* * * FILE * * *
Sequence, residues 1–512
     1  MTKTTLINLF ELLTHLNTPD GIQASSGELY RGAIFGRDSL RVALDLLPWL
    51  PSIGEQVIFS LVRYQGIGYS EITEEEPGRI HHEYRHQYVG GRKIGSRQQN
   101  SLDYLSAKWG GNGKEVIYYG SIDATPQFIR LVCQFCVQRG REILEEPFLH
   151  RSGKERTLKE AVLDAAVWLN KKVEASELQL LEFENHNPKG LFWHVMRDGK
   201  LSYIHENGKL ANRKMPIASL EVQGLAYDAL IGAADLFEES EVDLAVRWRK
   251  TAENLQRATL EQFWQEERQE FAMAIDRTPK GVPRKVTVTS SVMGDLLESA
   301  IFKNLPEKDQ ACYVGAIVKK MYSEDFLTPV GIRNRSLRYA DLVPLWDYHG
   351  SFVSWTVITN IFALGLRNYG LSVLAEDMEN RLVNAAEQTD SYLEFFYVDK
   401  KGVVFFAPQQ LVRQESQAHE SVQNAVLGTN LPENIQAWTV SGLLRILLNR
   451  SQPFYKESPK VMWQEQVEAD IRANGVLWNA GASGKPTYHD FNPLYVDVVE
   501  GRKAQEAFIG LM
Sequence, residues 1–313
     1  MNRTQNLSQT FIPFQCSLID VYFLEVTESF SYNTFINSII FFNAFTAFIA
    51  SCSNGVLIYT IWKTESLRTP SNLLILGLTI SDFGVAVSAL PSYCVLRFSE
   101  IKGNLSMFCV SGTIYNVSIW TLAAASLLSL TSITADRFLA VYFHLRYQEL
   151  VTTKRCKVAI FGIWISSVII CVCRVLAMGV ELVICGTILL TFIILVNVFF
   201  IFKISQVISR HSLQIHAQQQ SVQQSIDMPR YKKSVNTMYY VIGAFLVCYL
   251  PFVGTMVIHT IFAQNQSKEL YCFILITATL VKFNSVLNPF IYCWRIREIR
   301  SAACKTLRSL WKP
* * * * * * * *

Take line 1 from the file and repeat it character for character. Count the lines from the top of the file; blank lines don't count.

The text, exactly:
Sequence, residues 1–512